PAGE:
Tenente Giorgio Savoia of the 77a Squadriglia claimed one Allied fighter shot down, identified as a P-40, but two MC.200s, flown by Sottotenente Plinio Pellegrini (78a Squadriglia in MM8138) and Sergente Sergio Vanello (82a Squadriglia in MM5127), were lost. The 77a Squadriglia suffered two more losses during the day, when Sergente Stanislao Scabine (MM8304) was wounded in a landing accident and the MC.200 of Maresciallo Fiore Mastropietro was damaged in combat and the pilot wounded.
The Bf 109 Gs from 2./JG 77 made two claims for P-40s in the Tamet area in the morning when Unteroffizier Ernst Grönitz claimed one destroyed at 08:35 and Oberfeldwebel Walter Brandt claimed a second at 08:37. Unteroffizier Harry Donath and Oberfeldwebel Alexander Preinfalk (both 5./JG 77) made claims for Spitfires at unknown time. No Luftwaffe losses which match this combat have been found.

On 21 January, the 51st Highland Division broke through the last Axis defences at Corradini and reached a point only 64km east of Tripoli. This push brought a renewal of activity in the air, beginning when eleven Kittyhawk IIIs from 250 Squadron and twelve from 260 Squadron, all led by Wing Commander Burton, set course for Castel Benito. The aircraft of the latter unit each carried six 40lb bombs and a long-range tank. Nine Axis fighters were seen near Castelverde, and at Sidi Bilial these made their first attack, coming in from the rear. At Castel Benito 260 Squadron bombed from 600 meters and the opposing fighters came in again as the Kittyhawks flew past Tripoli, many individual combats ensuing. Pilot Officer J. W. A. Stone (Kittyhawk III FR355/T) of 250 Squadron claimed a Bf 109 as probably destroyed 16km south of Castle Benito at 09:30, but two of the unit’s aircraft were shot down in flames (or collided). Both Flying Officer F. L. Latham (FR344) and Sergeant A. F. Nitz (P-40K 42-45794) baled out and both returned three days later, confirming that Stone’s Bf 109 definitely crashed.
When over Sidi Bilial landing ground again, four MC.202s were spotted and these were attacked at 460 meters by 260 Squadron, one being claimed destroyed by Flight Sergeant W. E. Stewart (08:40-10:15). Two fighters identified as Bf 109s then attacked the formation and one Kittyhawk was seen to belly-land. The Italian fighters were from the 13o Gruppo, five Macchis having taken off on an armed reconnaissance over the lines at 0805. Attacked by the 260 Squadron Kittyhawks, their pilots claimed one shot down as a shared between Tenente Savoia (77a Squadriglia) and Capitano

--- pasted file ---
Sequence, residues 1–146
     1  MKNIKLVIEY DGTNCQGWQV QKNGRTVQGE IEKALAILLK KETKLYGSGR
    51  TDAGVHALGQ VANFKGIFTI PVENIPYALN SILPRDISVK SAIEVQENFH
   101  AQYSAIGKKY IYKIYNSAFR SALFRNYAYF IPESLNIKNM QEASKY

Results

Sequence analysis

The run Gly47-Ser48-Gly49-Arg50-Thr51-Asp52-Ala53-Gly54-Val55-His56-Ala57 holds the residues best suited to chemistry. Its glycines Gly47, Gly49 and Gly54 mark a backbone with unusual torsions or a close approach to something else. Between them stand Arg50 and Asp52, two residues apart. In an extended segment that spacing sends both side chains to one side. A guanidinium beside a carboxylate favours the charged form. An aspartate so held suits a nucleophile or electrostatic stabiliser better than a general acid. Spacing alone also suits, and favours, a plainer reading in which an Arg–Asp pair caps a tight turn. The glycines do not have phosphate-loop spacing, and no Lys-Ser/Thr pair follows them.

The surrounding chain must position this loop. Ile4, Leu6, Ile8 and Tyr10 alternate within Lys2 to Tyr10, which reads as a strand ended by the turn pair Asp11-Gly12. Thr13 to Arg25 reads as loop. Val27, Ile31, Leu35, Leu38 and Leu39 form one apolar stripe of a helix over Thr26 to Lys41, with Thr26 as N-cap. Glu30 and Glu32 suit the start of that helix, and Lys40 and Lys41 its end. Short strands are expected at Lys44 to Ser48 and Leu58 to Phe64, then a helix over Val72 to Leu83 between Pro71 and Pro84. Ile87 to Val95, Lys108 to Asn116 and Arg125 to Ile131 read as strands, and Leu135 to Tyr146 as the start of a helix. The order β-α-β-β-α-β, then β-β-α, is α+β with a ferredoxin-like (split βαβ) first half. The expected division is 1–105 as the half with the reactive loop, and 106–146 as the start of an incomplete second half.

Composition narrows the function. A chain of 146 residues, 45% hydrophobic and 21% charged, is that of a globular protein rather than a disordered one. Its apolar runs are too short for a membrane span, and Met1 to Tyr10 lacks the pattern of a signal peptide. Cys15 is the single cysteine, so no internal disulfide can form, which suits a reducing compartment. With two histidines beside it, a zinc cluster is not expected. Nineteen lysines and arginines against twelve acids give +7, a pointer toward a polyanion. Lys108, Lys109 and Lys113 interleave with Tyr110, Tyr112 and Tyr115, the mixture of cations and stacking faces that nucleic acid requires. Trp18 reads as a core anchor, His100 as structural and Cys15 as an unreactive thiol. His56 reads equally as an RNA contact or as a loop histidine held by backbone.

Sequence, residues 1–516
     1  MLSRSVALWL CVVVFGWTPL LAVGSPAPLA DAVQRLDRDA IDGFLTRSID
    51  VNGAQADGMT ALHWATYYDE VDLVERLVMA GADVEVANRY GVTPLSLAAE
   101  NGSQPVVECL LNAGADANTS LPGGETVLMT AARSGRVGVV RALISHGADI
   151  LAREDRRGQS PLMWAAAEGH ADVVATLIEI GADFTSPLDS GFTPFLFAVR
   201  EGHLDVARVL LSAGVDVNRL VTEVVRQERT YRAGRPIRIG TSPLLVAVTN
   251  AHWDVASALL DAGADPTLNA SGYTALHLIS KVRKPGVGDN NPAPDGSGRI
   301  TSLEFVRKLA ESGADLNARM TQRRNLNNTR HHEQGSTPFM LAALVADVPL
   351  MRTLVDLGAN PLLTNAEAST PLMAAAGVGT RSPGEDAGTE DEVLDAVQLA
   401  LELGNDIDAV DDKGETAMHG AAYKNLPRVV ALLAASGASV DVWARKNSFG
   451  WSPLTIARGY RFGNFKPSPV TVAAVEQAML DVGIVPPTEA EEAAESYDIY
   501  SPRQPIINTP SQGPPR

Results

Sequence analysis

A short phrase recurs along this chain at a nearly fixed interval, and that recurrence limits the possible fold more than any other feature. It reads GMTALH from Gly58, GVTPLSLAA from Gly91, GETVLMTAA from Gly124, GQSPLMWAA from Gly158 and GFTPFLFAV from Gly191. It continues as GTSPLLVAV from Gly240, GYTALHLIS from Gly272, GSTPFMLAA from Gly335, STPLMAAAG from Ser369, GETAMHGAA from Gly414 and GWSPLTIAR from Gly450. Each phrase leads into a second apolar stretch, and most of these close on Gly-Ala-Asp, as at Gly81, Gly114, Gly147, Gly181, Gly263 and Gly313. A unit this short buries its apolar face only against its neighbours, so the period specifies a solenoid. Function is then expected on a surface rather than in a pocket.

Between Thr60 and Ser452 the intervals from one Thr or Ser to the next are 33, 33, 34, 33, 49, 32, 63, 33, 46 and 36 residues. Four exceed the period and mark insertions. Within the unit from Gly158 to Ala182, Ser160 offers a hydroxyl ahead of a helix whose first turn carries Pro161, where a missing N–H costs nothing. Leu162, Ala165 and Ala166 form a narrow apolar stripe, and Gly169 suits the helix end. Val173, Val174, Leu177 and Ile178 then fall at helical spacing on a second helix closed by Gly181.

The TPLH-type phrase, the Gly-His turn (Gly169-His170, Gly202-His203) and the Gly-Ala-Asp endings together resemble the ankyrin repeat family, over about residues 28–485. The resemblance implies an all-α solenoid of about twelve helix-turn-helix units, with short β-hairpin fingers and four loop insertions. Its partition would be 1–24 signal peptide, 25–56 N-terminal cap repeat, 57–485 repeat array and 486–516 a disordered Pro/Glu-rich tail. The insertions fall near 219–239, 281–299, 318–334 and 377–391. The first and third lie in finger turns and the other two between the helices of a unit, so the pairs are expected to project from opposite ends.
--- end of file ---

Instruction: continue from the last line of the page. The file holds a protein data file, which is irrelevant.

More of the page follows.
Guglielmo Arrabito (82a Squadriglia) and one more damaged. One MC.202 suffered severe damage.
No corresponding Luftwaffe claims or losses has been found.

At dawn on 22 January, eleven MC.202s of the 13o Gruppo led by Maggiore Lorenzo Viale (CO 13o Gruppo) were escorting two S.79s of the Squadriglia Comando that were carrying Generale Mario Bernasconi (Commander of the Va Squadra Aerea), Generale Bernasconi and other officers from Sorman, Libya, to Gabès, Tunisia (07:15-08:10), the Gruppo also being in the process of moving to the latter base.
At 07:30, they were intercepted by 24 P-40 Kittyhawks from 450 Squadron and 3 RAAF Squadron (07:52-10:30), which were engaged in reconnaissance over the stretch of road between Pisida and Zuara. The Kittyhawks attacked the S.79s, which were ferociously defended by the fighters of the 13o Gruppo. Four P-40s were claimed shot down and several others were hit. Tenente Camillo Luglio (78a Squadriglia) claimed two of them, the third was claimed by Sottotenente Felice Figus (78a Squadriglia) while the fourth was claimed by the gunners in the S.79s. The MC.202s of Maggiore Viale’s (MM7922 from 77a Squadriglia) and Sergente Maggiore Rovero Abbarchi’s (MM9118) were heavily damaged, and they made forced landings (both were wounded). Tenente Savoia (MM7929) led the remaining Macchis against the enemy and the S.79s, which were trying to escape by flying low over the sea and shooting a hard defensive fire were able to land safely at Sfax together with the rest of the Macchis with the exception of Tenente Savoia, who remained alone in the air to protect the bombers and his fighters. His aircraft was hit several times, and badly wounded; he was able to extricate himself and landed off the airfield.
However, he was badly wounded. He was rescued by a German column and flown to Sicily in a transport aircraft but died in Palermo hospital on 12 March.
Savoia was posthumously awarded with a Medaglia d’oro al valor militare for this action and promoted to Capitano.
The S.79 of Generale Bernasconi was also hit, with a gunner wounded and 1o Aviere Montatore Aldo Cinti, who died soon after the landing.
The Australians reported that they attacked the S.79s (they reported three S.79s) and the escort. Two 3 RAAF Squadron pilots each claimed to have damaged a S.79. Three MC.202s were claimed destroyed when Squadron Leader R. H. M Gibbes (CO 3 RAAF Squadron in Kittyhawk IIa FL334/CV-L) attacked one MC.202, which broke away sharply and was seen making for land at low speed, while Flight Sergeant E. Hankey (3 RAAF Squadron in FL292/CV-I) shot the cockpit hood off another which went down in an inverted spin, a large splash being seen in the sea. Pilot Officer R. W. Winn (450 Squadron in Kittyhawk III FR341) also shot down one MC.202 and Flight Sergeant D. N. McQueen (450 Squadron in FR419) became the third pilot to claim to have inflicted damage to one of the bombers (he was in fact credited with one destroyed west of Pisida).